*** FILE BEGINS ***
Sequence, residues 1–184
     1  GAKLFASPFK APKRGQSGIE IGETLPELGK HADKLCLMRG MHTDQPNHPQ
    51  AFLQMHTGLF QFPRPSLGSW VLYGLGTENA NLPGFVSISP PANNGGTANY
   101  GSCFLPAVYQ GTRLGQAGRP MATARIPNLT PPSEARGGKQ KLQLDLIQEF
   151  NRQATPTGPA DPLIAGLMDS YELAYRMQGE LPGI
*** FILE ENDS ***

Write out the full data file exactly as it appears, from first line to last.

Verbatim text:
Sequence, residues 1–184
     1  GAKLFASPFK APKRGQSGIE IGETLPELGK HADKLCLMRG MHTDQPNHPQ
    51  AFLQMHTGLF QFPRPSLGSW VLYGLGTENA NLPGFVSISP PANNGGTANY
   101  GSCFLPAVYQ GTRLGQAGRP MATARIPNLT PPSEARGGKQ KLQLDLIQEF
   151  NRQATPTGPA DPLIAGLMDS YELAYRMQGE LPGI